Dallas Dupre

September 26th, 2008

Dallas Dupre, whose son still lives in Greater Columbus, was a landscape architect. He had an office located on the west side of North High Street near Weber Road (3073 North High Street), and is reputed to have been the founder of the early roadside park system throughout the U.S. The Dupre family lived in old Beechwold.

Elks Country Club

September 26th, 2008

I loved the story of Lawrence Huber (1893-1958) and his wife Eunice Louise Dougherty (1900-1986). Lawrence had applied for a job at the Elks Country Club. They told him they wanted the incumbent to be married, so he asked his girlfriend Eunice to marry him. She accepted and they married in 1922–and remained married the rest of thier lives.

Huber, under the direction of Donald Ross, helped to construct the Elks Country Club golf course, which was located north of Morse Road and east of High Street to Indianola Road. Huber eventually took over the position of groundskeeper when the course opened the following year. Lawrence and Eunice, and their three children, lived in a residence on the Elks Country Club property while Lawrence was employed there. Huber was extremely innovative, and invented equipment as needed to cultivate and care for the greens. (Photo courtesy of Betty Huber)


September 26th, 2008

The Citizen’s Trust & Savings Bank, Clintonville Branch, was located in 1926 at 3296 North High Street. Left to right are Fred Horch, manager; Earl Buchler, manager, Steelton Office; Karl Kegelmeyer, manager produce exchange office; and Hershel Hill, assistant. It later became the Ohio National Bank, then Banc Ohio National Bank.

Zinn’s Lumber Yard

September 26th, 2008

In 1892 at the age of 21, Mr. J. Harvey Zinn opened the lumber company at 2556 North High Street in partnership with Mr. S. M. Coe. Four years later he bought out Mr. Coe’s interest and built up the largest lumber yard in the city, both from the standpoint of size and from the amount of business done per year. This is a picture of Zinn’s Lumber Yard and workers. In November 1924 the Zinn Lumber Company caught fire and burned to a loss of $141,000. It was the largest fire in the city for that year. In 1931 Zinn was made vice-president of the Northern Savings Bank located at 2619 North High Street, and soon was promoted to President. Zinn divided his time between the two businesses.

As Bob Ohaver’s oral history explains, Zinn owned land along the Olentangy River from North Broadway to Kenworth Road, and in 1926 he built a residence at 285 Kenworth Road.

Zinn was one of the 4 people who cut the ribbon when the North Broadway bridge was dedicated in 1939.

North Broadway bridge

September 26th, 2008

These photos, from the Franklin County Engineers Office, show the construction of the North Broadway Bridge in 1939. Construction began on March 16, 1939, but was hampered by flood waters on May 23rd. Two shifts of men were used for a period of four of the 8-1/2 months the bridge was under construction, to bring the project to completion on time. The stone facing of the bridge is natural Columbus limestone in various colors.

Note the temporary bridge in the first couple photographs. (Photos courtesy of Franklin County Engineers)

Another kind of bridge

September 26th, 2008

Does anyone out there have a picture of the Clintonville Bridge Club, which met in the basement of the Olentangy Village Tavern for perhaps 50 years until the 1970s/1980s?

J. F. Oelgoetz Company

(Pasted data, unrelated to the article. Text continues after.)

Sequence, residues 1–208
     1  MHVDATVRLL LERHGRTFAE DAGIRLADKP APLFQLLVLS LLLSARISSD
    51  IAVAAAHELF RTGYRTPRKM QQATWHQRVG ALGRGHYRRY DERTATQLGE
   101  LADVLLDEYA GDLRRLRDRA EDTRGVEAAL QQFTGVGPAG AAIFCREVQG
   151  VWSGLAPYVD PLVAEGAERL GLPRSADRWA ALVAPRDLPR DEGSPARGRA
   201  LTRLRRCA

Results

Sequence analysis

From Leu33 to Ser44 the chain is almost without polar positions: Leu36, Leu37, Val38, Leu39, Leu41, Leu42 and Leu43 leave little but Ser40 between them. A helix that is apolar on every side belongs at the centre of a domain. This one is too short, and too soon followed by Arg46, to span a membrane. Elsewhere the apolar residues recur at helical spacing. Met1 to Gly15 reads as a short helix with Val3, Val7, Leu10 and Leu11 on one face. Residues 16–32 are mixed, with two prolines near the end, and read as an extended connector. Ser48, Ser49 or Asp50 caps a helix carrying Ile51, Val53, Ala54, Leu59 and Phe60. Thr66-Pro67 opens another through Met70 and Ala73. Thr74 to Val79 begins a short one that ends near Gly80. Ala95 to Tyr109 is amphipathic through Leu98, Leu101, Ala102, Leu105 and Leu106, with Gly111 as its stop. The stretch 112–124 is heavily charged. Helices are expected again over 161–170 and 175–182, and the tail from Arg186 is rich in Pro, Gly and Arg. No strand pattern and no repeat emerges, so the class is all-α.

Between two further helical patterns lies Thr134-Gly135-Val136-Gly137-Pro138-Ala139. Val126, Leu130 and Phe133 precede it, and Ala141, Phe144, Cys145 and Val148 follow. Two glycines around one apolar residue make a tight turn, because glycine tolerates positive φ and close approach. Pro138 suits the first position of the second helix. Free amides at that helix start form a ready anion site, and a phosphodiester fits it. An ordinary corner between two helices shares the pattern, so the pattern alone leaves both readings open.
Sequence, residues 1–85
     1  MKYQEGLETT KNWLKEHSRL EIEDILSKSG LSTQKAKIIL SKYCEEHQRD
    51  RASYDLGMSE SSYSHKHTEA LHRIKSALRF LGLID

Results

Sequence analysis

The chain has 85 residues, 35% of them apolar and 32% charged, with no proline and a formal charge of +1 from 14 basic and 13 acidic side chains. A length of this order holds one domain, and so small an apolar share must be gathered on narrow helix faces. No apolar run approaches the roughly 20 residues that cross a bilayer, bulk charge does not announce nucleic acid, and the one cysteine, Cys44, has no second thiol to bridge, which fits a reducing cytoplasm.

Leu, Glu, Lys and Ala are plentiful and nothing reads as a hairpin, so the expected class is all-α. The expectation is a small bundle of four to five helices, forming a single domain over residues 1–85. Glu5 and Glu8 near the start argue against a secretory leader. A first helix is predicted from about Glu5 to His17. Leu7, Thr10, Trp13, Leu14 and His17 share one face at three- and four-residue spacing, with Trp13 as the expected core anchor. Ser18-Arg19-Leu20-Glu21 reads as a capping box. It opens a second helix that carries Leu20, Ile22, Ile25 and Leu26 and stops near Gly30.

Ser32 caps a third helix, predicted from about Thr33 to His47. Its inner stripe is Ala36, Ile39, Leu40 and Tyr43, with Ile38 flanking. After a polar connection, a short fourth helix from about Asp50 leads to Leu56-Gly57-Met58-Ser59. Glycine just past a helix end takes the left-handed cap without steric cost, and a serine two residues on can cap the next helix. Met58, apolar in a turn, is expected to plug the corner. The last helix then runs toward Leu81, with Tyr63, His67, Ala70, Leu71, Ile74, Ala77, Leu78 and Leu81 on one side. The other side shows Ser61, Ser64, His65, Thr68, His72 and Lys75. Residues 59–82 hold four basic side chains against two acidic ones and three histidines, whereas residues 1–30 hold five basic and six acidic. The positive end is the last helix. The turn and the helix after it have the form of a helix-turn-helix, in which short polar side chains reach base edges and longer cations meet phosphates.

September 26th, 2008

J. F. Oelgoetz Company specialized in heating, ventilating, air conditioning, and plumbing. It was established in Clintonville in 1915. In 1939, Oelgoetz Company was located at 3365 North High Street

Agricultural Laboratory Inc

September 26th, 2008

In my book and on this web page I wrote about Agricultural Laboratory Inc, located at 3415 Milton Avenue.

Here’s an ad for it showing the types of products it produced in 1939. [Advertisement from a 1939 North High Memory Book.]

All about the barn

September 26th, 2008

I love the story of the concrete block building near Brighton and Milton just south of West North Broadway. Miles Elmers owned AGI, a business that he situated in this concrete barn during the 1930s. Elmers contracted with Monsanto to test and package a low-sudsing detergent. When Monsanto decided to discontinue the product, Elmers purchased all rights to it, renamed, repackaged and remarketed it…and “All” detergent was born.

There are rumors that the building was once a candy factory, that the owners gave out candy from this location, but I was unable to confirm this. It is presently a private residence.

When the Elmers family owned All, they had to travel to the various plants around the country, and so they worked with the Flexible Bus Company to customize a bus to make their travels more comfortable. People along the way asked them where they got the bus/RV, and asked them to replicate it. The result was a new business for the Elmers family: Custom Coach.

Will you swim in pure water?

September 26th, 2008

I love this ad for Olympic Beach in 1939. “Of interest to the ‘bathers’ of Northern Columbus is the care and precaution the management of the Olympic Pool is taking so that our families may swim in perfectly safe water, free from impurities and its dangers…“ Shortly after the pool was built, the Olympic Amusement Corporation, headed by Orr Zimmerman, assumed ownership of the pool. For many years the O.S.U. swimming and diving teams practiced there and many contestants for the summer Olympics came from all over the United States to train at the pool. Several national championships have been held there. Early on, only male lifeguards worked at the pool.

Here, someone does a kamikaze dive off the tallest tower. (Photos courtesy of the Zimmerman family)

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